Women from all rungs of society scrimp and save for his shoes. We meet celebrated French shoemaker, Christian Louboutin

To call Christian Louboutin a shoe maker seems like a gross understatement. After all, he's turned shoes into objects of desire, symbols of empowerment and works of art. Which makes him more of a creator of fantasies. A dealer in seduction. A seller of dreams.

The individuality of his work has enabled his shoes to travel the world, and in style. His client list includes practically every Hollywood A-lister, from Elizabeth Taylor to Madonna. His daring designs incorporate silver python and spikes, red fishnet and black lace, bling and shiny patent leather, tempting even conservative women to take a walk on the wild side. He's managed the seemingly impossible — creating a luxury brand that connects with rock stars and executives, princesses and WAGS.

“I am here to flatter women,” he smiles, pausing work to discuss the universality of stilettos. In Chennai, to collaborate with Jean-Francois Lesage (whose intricate embroidery adorns everything from the Louvre to scenes in the new “Sex And The City” movie), Louboutin is startlingly friendly. For a fashion icon, he's even more startlingly casual, in pink Lacoste, shorts and shoes that look like — dare we say it — Crocs. “They're Clark's desert boots,” he grins. “I made holes in them — it makes such a difference. You get ventilation. And it's much cooler.”

Inspired by India

Although it's been 28 years since he visited India, Louboutin and Lesage go back a long time. Like his link with India. “I first came in the late 1970s. Although I was born and raised in Paris, I used to watch a lot of Indian movies — Bollywood and also Guru Dutt, Satyajit Ray, Mrinal Sen… They made me love India.” So he arrived with a friend when he was 15 years old. “We went to Mumbai, then Goa. After that I came back every year for a while, till I was in my twenties.”

Louboutin also found a way to sneak into Mumbai and Chennai's film studios. “I would pretend to be a journalist. I wanted access, and by posing as a writer I managed to get in and meet producers and actors.” Did he write about them? He chuckles: “Alors! No. But they were very nice!”

Though Louboutin dropped out of school when he was 17, he learnt how to construct a perfect high heel by bouncing between music halls (where he ran errands for the high-heeled, feather-clad show girls) and internships. When he opened his first store in Paris in 1991, his popularity exploded.

Wickedly high, sassy and slashed with a distinctive red sole, Louboutin's heels are now credited with bringing stilettos back into fashion, recreating them as a symbol of empowerment. Jennifer Lopez even released a song on Louboutin liberation. “I'm throwing on my Louboutins/ Watch these Red bottoms/ And the back of my jeans/ Watch me go, bye baby.”

“High heels gives you a body language. Your back becomes more curved. It forces a bit of attitude. It makes you feel more body conscious. To feel like a woman,” he says. This could explain why women from all rungs of society scrimp and save for his shoes (They cost anything between Rs. 20,000 and a lakh), making them far more than just the prerogative of pop stars. “Very, very high heels make a woman both fragile and sexy. In them, you almost can't stand by yourself. You almost need support.”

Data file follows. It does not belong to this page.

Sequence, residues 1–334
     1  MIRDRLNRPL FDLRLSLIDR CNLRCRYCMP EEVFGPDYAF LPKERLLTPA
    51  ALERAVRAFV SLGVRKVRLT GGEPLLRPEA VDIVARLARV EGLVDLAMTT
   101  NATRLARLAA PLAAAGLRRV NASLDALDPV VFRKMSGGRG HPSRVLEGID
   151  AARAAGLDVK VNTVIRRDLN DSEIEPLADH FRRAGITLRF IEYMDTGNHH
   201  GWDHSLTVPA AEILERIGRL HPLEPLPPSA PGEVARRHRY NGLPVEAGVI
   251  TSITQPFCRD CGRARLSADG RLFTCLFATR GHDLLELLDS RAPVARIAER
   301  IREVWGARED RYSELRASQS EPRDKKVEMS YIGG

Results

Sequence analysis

Yet, he states they're empowering. “They raise women to the eye-level of men. Women tell me this changes their relationships, with boyfriends. With bosses. I see it myself. I look at girls my height differently. When you're looking down at a woman, you're almost condescending.”

Wearable art

Louboutins are best known for being sexy. Underlining this, the designer collaborated with filmmaker David Lynch for a show in Paris titled ‘Fetish' in 2007. “I usually do the very high heels with a double platform. Because a shoe should never be more than five inches high. After that you can't walk,” he says. “But I did do some super, super high heels for David Lynch. These were not to be worn at all.” He shrugs, “Then Lady Gaga saw the exhibition and wanted the shoes for her video. I said, ‘Fine. But you cannot walk in them.' So they told me, ‘She's not intending to walk'.” He laughs and imitates a delicate totter, ‘She ended up trying to, though.”

He says he's thinking of opening in India now. “India has been a huge influence on me. The jewellery, the colour, the detailing on every piece of work… You have incredible things here, all so well made.” His travels here have had a profound impact on him. “I absorb everything. Then one day it surfaces in my drawings.”

When Mika, the Lebanese-American singer, recently asked Louboutin to design shoes, he began thinking of a men's line. “Right now, I'm working on something for Prince,” he states. Meanwhile, Jean-Francois Lesage is directing his team of artisans, who are carefully constructing flamboyant men's shoes, inspired by a large picture of the jewellery laden Maharaja of Gwalior.

It's about creating wearable art. “I don't want to see my shoes in a museum. I want to see them being worn. I want to see them being loved. I want to see men loving them on women.” Louboutin adds with a laugh. “And I know a lot of men love my shoes!”

TALL STORY

* Can’t afford a pair of ‘Loubies’? Settle for the ‘Louboutin manicure.’ You paint your nails black and add a naughty red under the tips

* Even Barbie’s a fan. Louboutin’s Collector’s Barbies include a ‘Cat Burgler,’ with red hair, green eyes and — yes — four red-soled shoes

* Carrie Bradshaw, of “Sex and The City”, has switched loyalties from Manolo Blahnik to Louboutins in the new movie, which features shoes from his yet-to-be released collection, including one with flowered lace and a chunky gold heel

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